Janet K. Keeler can be reached at or (727) 893-8586.


Florida Harvest Salad

12 ounces penne rigate

4 cups mesclun salad mix

3/4 cup red onion or Vidalia onion, sliced thinly

2 cups strawberries, quartered

Salt and pepper to taste

4 tablespoon extra virgin olive oil

1/2 cup balsamic vinegar

1/4 cup grated Parmesan

Cook and drain pasta according to package instructions. Put greens into large bowl; pour cooked pasta over salad mix. Sprinkle onions and strawberries on top of pasta. Season with salt and pepper. Add olive oil, balsamic vinegar and Parmesan. Toss all ingredients well. Serve immediately.

Serves 4.

Note: This recipe was originally called California Harvest Salad. We changed the name because we used Plant City strawberries.

Source: American Italian Pasta Co., maker of Mueller's Pasta


Hot Italian Burgers With Red Pepper Relish

Red pepper relish:

2 tablespoons Concord grape jam

2 teaspoons red wine vinegar

2 large fresh basil leaves, chopped, or 1/4 teaspoon dried basil

1 (12-ounce) jar sweet roasted red peppers, drained and sliced into strips


1 1/2 teaspoons salt

1 tablespoon fresh flat-leaf parsley, chopped

3 large fresh basil leaves, chopped, or 1/2 teaspoon dried basil

1/4 cup Concord grape jam

1 pound mild or hot bulk Italian sausage

1 pound fresh ground turkey

Nonstick cooking spray

6 mozzarella slices

6 rolls, sliced

For the relish: Combine grape jam, vinegar, basil and red peppers in a small bowl. Set aside.

For the burger patties: Combine salt, parsley, basil and jam in a medium bowl. Remove sausage from casings and crumble with turkey over mixture; gently combine the ingredients well. Shape meat into 6 patties; refrigerate until ready to cook. Coat unheated grill grate with non-stick spray. Heat grill to medium-high. Grill patties 4 to 6 minutes per side or until juices run clear. Top each burger with a slice of cheese during the last 2 minutes of grilling. Toast the buns on the grill. Place a burger on each roll bottom; top with red pepper relish and bun top.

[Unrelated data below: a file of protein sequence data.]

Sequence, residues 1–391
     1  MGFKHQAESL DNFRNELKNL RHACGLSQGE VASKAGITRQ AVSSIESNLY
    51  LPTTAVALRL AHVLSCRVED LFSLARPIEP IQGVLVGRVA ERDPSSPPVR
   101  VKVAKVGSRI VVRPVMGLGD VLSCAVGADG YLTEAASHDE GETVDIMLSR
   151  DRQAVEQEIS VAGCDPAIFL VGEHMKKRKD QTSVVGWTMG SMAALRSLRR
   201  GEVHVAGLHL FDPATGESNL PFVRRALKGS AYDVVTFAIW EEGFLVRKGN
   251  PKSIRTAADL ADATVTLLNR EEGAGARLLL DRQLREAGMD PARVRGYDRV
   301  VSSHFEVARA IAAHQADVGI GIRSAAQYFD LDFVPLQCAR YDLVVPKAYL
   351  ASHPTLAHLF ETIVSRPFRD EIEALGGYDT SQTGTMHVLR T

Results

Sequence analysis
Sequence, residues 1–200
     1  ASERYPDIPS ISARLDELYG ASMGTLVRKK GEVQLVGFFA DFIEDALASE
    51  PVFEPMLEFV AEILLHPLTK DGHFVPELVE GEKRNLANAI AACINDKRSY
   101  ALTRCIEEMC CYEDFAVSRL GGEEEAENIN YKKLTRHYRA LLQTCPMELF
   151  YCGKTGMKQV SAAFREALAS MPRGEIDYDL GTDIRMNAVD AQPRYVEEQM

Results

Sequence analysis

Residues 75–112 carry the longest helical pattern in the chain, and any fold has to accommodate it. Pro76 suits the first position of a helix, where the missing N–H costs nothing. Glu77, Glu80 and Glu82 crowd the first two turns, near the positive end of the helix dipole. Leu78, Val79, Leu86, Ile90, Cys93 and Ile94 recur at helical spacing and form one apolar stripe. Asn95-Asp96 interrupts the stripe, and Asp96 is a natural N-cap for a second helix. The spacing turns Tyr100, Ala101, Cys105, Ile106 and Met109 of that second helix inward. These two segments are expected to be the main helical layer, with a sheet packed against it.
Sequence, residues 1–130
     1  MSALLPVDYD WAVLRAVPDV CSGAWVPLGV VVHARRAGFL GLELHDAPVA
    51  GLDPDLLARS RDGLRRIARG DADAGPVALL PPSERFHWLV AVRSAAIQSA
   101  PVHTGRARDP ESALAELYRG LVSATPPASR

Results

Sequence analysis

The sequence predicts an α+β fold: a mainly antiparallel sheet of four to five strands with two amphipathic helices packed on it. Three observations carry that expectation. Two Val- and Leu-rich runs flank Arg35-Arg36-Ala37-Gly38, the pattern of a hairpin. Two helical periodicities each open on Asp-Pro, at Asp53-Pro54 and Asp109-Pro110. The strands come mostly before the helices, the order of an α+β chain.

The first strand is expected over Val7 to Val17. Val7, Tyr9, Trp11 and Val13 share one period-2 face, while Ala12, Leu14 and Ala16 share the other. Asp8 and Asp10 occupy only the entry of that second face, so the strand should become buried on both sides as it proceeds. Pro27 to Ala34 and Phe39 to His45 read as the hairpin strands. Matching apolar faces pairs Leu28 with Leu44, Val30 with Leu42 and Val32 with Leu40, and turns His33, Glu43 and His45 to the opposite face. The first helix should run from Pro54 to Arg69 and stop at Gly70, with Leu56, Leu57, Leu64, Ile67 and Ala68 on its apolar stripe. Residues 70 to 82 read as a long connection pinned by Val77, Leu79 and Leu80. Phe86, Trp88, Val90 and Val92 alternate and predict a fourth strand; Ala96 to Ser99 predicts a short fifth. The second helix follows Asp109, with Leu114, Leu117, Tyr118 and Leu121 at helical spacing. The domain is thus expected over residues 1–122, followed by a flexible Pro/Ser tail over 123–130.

Serves 6.

Note: The relish will be quite runny. Drain peppers before putting on burgers.

Source: The J.M. Smucker Co.


Fruit Cobbler

1 can sliced peaches, drained

1 can sliced pears, drained

1 cup fresh or frozen blueberries

3 cups applesauce, divided into 2 cups and 1 cup

2 cups pancake/biscuit mix such as Bisquick

2 tablespoons sugar

Whipped cream, optional

Preheat oven to 375 degrees. In a deep 9-inch square baking pan, place the peaches, pears, blueberries and 2 cups of the applesauce. In a separate bowl, mix baking mix and remaining cup of applesauce. Spread this mixture over the fruit. Sprinkle with sugar. Bake 35 to 45 minutes or until the top is brown and sides are bubbling. Serve warm or cold with a dollop of whipped cream or fat-free topping.

Times testing notes: The blueberries turned the canned fruit into the most interesting Smurf color. We tested this recipe again using fresh strawberries and blueberries and the results weren't so purple. Good use of fresh, local strawberries.

Serves 6.

Source: Mott's

For easy recipes, just read the back of the box 02/24/09 [Last modified: Tuesday, February 24, 2009 12:12pm]